My Students Convinced Me to
Let Go of Old School Teaching
By Susan Nail
I had always been an “old school” teacher and believed in the traditional lecture/notes type of classroom. This is what I grew up in, this is what I knew: a quiet classroom with everyone on task, listening to a lecture or reading a textbook. As a new teacher, I found that breaking this cycle was a struggle. I watched as other teachers used interactive activities within their classrooms. It seemed that the students enjoyed that so much more, but was it worth it? Again, I grew up “old school” where education was concerned.
A few years ago, with the help of a few of my colleagues, I conducted my first real collaborative activity with my high school students. We were working on our civil rights unit. I wondered how I could help my students understand this important piece of history. I could talk to them all day long about what citizens experienced during the Civil Rights Movement based on what I had read, but how would that help them understand? My colleagues gave me some wonderful primary documents and activities. I reluctantly set out to use them with my high school students.
I started with a letter by one of the Little Rock Nine. I pulled archived news feeds from Little Rock and posted photos. I also pulled photos and documentary information on the Woolworth Sit-ins, both in Greensboro and in Jackson, along with other archival photos and documents, such as the Jim Crow laws. I had my students analyze and write about the materials. They really had to think deeply and they had to infer how it made the parties involved feel.
As they rotated, read their materials, discussed, and wrote, I was still wondering if the traditional way of teaching wouldn’t be “better” and “easier.” Were they really learning anything? Would they remember the insights from this lesson? Some seemed excited about trying something new, some complained about the writing aspect (as many of them always do), and some just seemed indifferent. (Notice, I said “seemed.”)
As they worked within their small groups and I began to rotate and listen, I was amazed at the conversations that were taking place. Comments like “no way that happened, dude,” “that’s just janked up,” “did all this really happen or is Mrs. Nail pulling a good one on us?” At the same time, I noticed the emotion that was surfacing.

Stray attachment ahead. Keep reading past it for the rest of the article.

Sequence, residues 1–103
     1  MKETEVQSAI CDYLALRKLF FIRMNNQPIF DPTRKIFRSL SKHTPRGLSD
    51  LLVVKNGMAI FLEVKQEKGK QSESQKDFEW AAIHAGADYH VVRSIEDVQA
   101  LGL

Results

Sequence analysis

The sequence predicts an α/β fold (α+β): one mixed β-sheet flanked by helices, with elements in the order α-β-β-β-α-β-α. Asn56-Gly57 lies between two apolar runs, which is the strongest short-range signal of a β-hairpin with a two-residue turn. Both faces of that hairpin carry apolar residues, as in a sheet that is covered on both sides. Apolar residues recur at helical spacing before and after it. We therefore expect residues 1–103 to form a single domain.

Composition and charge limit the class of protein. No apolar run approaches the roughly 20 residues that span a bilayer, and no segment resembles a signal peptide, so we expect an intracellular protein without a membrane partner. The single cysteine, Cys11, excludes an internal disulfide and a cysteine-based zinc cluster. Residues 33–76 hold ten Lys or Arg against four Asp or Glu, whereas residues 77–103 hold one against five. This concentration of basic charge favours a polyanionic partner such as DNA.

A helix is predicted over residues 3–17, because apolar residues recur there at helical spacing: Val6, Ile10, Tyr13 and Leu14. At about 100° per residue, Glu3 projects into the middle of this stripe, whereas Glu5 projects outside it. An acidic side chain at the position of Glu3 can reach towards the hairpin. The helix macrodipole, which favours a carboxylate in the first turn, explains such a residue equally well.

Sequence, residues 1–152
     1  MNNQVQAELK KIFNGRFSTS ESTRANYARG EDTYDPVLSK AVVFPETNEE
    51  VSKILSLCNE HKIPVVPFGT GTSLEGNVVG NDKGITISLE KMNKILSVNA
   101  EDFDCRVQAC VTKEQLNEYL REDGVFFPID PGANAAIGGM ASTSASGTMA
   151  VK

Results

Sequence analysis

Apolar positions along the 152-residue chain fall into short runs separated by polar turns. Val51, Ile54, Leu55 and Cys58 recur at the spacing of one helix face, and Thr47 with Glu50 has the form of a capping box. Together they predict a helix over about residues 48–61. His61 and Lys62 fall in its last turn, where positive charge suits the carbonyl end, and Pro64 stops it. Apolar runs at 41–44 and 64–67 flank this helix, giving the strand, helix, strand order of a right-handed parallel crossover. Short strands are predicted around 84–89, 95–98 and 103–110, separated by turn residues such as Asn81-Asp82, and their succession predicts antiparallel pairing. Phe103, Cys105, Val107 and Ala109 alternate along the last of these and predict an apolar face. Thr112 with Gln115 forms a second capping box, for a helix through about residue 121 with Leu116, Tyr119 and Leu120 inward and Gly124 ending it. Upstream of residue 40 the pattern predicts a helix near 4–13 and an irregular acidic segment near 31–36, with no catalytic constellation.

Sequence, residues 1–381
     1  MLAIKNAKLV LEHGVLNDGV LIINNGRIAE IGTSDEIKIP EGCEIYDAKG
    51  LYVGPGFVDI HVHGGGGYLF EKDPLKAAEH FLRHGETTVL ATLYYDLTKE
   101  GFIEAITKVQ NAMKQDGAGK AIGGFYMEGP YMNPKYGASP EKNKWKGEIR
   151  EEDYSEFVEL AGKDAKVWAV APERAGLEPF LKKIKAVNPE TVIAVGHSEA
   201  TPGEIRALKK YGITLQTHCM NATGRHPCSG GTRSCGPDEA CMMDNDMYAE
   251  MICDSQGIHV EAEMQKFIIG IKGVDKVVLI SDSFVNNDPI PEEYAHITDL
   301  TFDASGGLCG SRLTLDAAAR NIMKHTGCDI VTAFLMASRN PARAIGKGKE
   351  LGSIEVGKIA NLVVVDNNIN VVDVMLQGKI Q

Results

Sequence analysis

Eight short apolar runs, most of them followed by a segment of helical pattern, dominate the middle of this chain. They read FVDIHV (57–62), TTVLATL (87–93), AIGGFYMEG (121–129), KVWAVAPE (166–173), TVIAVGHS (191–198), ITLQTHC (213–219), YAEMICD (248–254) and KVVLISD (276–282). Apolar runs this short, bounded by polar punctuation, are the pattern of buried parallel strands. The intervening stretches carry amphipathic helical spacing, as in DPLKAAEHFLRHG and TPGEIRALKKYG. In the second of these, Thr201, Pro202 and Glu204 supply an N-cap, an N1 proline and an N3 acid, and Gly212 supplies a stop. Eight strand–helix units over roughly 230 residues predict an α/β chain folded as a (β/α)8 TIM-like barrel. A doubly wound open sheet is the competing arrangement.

The lesson took a couple of days. When we wrapped up our group collaboration and came back together for whole group discussion, I really saw the magic begin to happen. For the first time in a while, their chatter was about historical content. Sheer amazement and disbelief was their response to some of the things they had learned. As the discussion went, I found that I just had to clarify misconceptions and answer a few stray questions or simply redirect the discussions, some of which became heated.
This was toward the end of the year and we were wrapping up trying to start to prepare for our final exams. It wasn’t until the beginning of the following year that I realized that what I had done really sank in. The students remembered the lesson and they were still excited about it. I was amazed at what they had retained.
From there my vision changed. Obviously I can’t do group work with every single lesson, but I have now seen the importance of it first-hand. I have incorporated more and more interactive work into my lessons, both individually and within groups. I am now convinced that my students learn more with me as more of a “facilitator” vs. being a “traditional” teacher. I look forward to many lessons that I dreaded in the past because I have come to realize the true impact of student exploration.
My advice to a new and upcoming teacher, who may be like my former self is to dive in head first. Yes, it takes a lot of initial work to prepare for these types of activities. The thing to remember is that there are so many veteran teachers, and even new teachers who are wonderfully creative and amazing at what they do, who are more than willing to share resources and lend assistance with this. In the end, the students do all of the work, you become a more effective “facilitator” to offer guidance. The lesson becomes relevant and meaningful to the students, and retention takes place. Embrace the challenge.
Susan Nail teaches at Kosciusko High School in Kosciusko, MS. She has taught geography, Mississippi Studies, and World History for seven years. In July 2015 she became a Mississippi Civil Rights Movement and Labor History fellow.